The House Homeland Security and Oversight and Reform committees held a joint public hearing today to discuss the Russia-based hack of government and private sector networks via SolarWinds Orion products. During the hearing, both the private sector witnesses and members of Congress called for better cybersecurity practices, legislation, and increased information sharing.
The House committees heard from top executives of technology companies affected by the attacks, including SolarWinds CEO Sudhakar Ramakrishna, Kevin Thompson, the company’s former CEO, Microsoft President and Chief Legal Officer Brad Smith, and Kevin Mandia, CEO at FireEye – the company who first discovered the breach.
The two committees first began investigating the attacks on Dec. 17, and shortly thereafter were briefed by U.S. intelligence and law enforcement agencies.
“It was the private sector that uncovered this attack – not our own government … it is the private sector to whom the government must turn,” Chairwoman of the Committee on Oversight and Reform Carolyn Maloney, D-N.Y., said. “We must demand better cybersecurity practices from our suppliers, as well as increased information sharing with the private sector.”
“We must address persistent challenges in threat information sharing and find more strategic ways to effectively leverage the unique capabilities of the government and the private sector, and our shared goals of data security,” added Committee on Homeland Security Chairman Bennie G. Thompson, D-Miss.
Smith agreed sharing threat intelligence information is of the utmost importance. However, Smith said the private sector often faces two barriers when it comes to sharing information with the Federal government: confusion of knowing who to share the information with and a legal government contract barrier that limits companies to alerting only affected agencies of a breach.
“The government’s contracts impose restrictions on Microsoft and other government contractors in this kind of situation. That was the specific limitation that we encountered when we wanted to notify different parts of the U.S. government of what we were seeing,” Smith said.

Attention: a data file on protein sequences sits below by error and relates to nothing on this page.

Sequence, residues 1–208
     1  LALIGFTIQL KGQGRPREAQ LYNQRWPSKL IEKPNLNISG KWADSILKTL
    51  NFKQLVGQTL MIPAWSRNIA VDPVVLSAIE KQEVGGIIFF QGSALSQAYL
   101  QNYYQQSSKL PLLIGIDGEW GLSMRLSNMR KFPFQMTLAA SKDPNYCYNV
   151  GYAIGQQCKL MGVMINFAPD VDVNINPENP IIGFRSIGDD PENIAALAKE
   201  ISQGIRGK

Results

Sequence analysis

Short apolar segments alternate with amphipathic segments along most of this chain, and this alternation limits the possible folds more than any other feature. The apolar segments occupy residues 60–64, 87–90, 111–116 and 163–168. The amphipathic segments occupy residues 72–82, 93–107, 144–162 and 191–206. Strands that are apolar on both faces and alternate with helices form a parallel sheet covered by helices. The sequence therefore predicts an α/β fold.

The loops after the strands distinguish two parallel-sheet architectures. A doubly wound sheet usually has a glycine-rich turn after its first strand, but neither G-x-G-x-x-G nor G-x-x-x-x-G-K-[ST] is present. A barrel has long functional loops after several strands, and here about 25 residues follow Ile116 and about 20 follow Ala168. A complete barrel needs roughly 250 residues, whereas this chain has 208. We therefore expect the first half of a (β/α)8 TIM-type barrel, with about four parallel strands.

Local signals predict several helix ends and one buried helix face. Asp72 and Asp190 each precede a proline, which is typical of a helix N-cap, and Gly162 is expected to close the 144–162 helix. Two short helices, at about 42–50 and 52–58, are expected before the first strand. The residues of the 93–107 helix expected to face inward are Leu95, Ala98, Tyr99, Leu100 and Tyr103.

“We found that we could only inform the agency that was the victim itself, and we had to ask them to go talk to another person or individual or part of the government, which they did, but it struck us as a barrier that is not serving the government itself very well,” he said.
A Call for Better Cyber Practices and Legislation
Another topic that both the private sector and members of Congress called for was implementing legislation that requires reporting obligations surrounding cybersecurity breaches.
Thompson said Cedric Richmond, the former chairman of the Cybersecurity Subcommittee, wrote an amendment included in the House-passed National Defense Authorization Act “that would have established a cyber incident notification requirement,” but this amendment failed to pass in the Senate.
“In recent days, I have been encouraged to learn of growing interest in enacting a cyber incident reporting law,” Thompson said. “We look forward to trying again this year and hope we can enact cyber incident notification legislation in short order.”
Smith agreed with Thompson and said, “The time has come to adopt the national law that will impose cyber breach incident reporting obligations. And there are important questions to be considered: to whom should it apply, when should it apply, how should it be administered, to whom should the information go, how should that information be shared. These are all questions for your two committees in the Congress as a whole. But 2021, I believe needs to be the year that Congress acts, and we use this step to strengthen the security of the nation.”
Additionally, Smith called for the United States to strengthen international law and the consequences for violating international law, such as “this kind of indiscriminate and disproportionate attack on the software supply chain.”
“We need to strengthen the international rules of the road,” Smith said. “What happened here is and should be a violation of international norms and international law. It is the kind of act that was reckless. It is the kind of act that needs to have consequences. And those consequences need to be based on global standards.”
Ranking Member of the Committee on Homeland Security John Katko, R-N.Y., said he welcomes “the recent announcement by the administration to begin to hold Russia accountable through sanctions … I hope to confirm and I hope they’re severe.”